The above example is for an access plan in which you get paid at the time of service by the patient. If you want third-party payment insurance reimbursement, you get to spend the additional time necessary to file and follow-up on all the paperwork or e-filings. More work, for the same or less pay. Gets better all the time, doesn't it? What would possess a logical, thinking mind to do this?

3. Cutting your rates for insurance participants is immoral and unethical. Why? Because you charge one rate for an elite group who belong to a plan, and another, higher rate to honest, self-supporting people who are responsible for their own health care. These are the same people who have accepted and supported massage and are the reason for its phenomenal growth. You are punishing and discriminating against people for not being in a plan. Meanwhile, the plan is punishing you for working with their members. Karma is often swift and sure! If you think that you charge too much now, or that lowering your rates will get you more business, just lower your rates.

In other professions, providers/therapists have jacked their rates way up so that, after the insurance discount, they still make what they want/need. Responsible clients/patients are punished so severely that they have no choice but to buy insurance. They cannot afford health care because of insurance. This is by careful, premeditated design.

4. Massage therapy has become popular because it is effective and affordable. The public is running away from the allopathic, insurance-controlled cartel. If insurance gains control of alternative therapies and most therapists are lured into working with/for insurance companies, the price of our services will become inflated, and thus inaccessible to all those not covered by insurance. Access to our services will be controlled by gatekeeper allopathic physicians and insurance bureaucrats. Patients will be able to come in only for specific reasons and for only so many visits. Insurance will make massage less affordable and less available.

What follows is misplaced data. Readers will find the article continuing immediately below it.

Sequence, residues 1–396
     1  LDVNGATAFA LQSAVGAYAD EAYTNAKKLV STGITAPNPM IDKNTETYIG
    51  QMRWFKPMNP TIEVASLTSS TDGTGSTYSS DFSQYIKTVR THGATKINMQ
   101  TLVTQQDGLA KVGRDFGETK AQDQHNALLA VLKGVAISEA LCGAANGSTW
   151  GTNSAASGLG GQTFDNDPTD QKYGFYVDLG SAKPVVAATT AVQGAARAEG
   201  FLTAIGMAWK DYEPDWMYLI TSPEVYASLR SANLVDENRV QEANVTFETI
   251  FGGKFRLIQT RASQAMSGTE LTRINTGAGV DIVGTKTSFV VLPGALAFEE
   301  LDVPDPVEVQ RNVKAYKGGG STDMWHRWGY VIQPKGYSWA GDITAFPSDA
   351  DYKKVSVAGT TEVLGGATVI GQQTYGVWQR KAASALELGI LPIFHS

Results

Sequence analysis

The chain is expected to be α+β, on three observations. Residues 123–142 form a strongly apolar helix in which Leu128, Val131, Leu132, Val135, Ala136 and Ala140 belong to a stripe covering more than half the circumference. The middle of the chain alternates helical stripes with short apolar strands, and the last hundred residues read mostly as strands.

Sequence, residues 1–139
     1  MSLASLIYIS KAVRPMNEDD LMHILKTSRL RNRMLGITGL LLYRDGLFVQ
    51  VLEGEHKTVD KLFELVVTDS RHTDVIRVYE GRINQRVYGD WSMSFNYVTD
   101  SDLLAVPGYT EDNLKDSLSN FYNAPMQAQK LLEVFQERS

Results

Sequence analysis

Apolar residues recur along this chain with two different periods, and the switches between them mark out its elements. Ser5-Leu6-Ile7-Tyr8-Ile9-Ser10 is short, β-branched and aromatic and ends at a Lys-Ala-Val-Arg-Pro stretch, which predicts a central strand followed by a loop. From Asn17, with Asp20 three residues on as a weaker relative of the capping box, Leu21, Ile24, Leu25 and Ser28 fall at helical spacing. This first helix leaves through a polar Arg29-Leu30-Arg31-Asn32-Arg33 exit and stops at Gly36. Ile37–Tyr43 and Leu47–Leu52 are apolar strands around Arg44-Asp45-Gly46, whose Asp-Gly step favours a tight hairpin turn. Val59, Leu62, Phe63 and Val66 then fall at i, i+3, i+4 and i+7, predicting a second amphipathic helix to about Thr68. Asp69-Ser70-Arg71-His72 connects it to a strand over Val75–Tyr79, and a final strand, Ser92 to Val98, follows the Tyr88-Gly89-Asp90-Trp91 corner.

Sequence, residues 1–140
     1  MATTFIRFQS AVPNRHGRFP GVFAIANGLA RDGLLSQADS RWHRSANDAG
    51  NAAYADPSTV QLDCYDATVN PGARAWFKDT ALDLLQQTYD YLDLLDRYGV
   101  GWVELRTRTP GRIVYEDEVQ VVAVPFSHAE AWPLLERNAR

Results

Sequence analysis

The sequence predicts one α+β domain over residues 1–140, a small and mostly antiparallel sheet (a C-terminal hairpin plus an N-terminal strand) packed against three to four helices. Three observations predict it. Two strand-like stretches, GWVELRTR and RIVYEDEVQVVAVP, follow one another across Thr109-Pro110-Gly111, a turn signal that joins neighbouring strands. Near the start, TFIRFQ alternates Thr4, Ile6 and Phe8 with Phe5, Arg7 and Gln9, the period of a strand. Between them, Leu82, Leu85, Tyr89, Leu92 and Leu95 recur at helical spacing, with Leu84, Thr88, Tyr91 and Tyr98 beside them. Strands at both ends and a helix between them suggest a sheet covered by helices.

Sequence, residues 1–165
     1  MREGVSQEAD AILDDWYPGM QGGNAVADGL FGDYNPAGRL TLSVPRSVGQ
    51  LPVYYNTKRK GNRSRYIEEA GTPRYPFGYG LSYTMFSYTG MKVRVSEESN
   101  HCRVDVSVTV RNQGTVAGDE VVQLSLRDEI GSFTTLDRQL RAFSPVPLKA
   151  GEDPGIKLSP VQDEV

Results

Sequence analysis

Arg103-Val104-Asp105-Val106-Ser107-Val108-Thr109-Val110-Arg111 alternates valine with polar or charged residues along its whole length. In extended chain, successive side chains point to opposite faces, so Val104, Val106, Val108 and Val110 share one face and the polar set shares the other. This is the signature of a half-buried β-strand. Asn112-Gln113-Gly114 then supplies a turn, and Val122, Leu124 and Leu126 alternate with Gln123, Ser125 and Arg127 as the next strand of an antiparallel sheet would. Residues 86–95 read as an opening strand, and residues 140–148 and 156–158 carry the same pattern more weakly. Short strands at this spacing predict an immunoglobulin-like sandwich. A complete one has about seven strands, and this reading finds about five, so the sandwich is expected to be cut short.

Back to the issue of helping more people. Helping more people now is not possible, because those people have made choices that prevent them from affording our services at the prices we want to charge. Soon we will not be able to help patients because the gatekeeper sends them to a PT or limits the number of appointments they can have. A plan or physician could allow only eight massage therapy visits a year, even for chronic conditions, like fibromyalgia. Worse yet, with insurance driving up prices, few people will be able to afford massage out-of-pocket. This has happened to every other profession, and it will happen eventually with massage.

5. The long-term affect of accepting insurance will be less access to patients; limited visits and lower income per patient; and possibly lower income period, as has happened to most other providers.

If you do not have enough patients now, insurance may look like a way to get ahead fast. It may even look like a way to reach new patient populations -- to help those who choose not to afford massage. "80% of something is better than 100% of nothing" makes insurance cases sound tempting initially. The reasons most therapists have low patient loads is they do not have adequate therapeutic, personal and/or promotional skills.

Invest in acquiring better skills, rather than in learning how to play the insurance game. Skilled therapists become very busy no matter where they live. More people in stress and pain are looking for help than we can ever serve. Acquire the skills to help them and you will never need or desire to subject yourself or your patients to the abuses of insurance.


Click here for more information about Ralph Stephens, BS, LMT, NCTMB.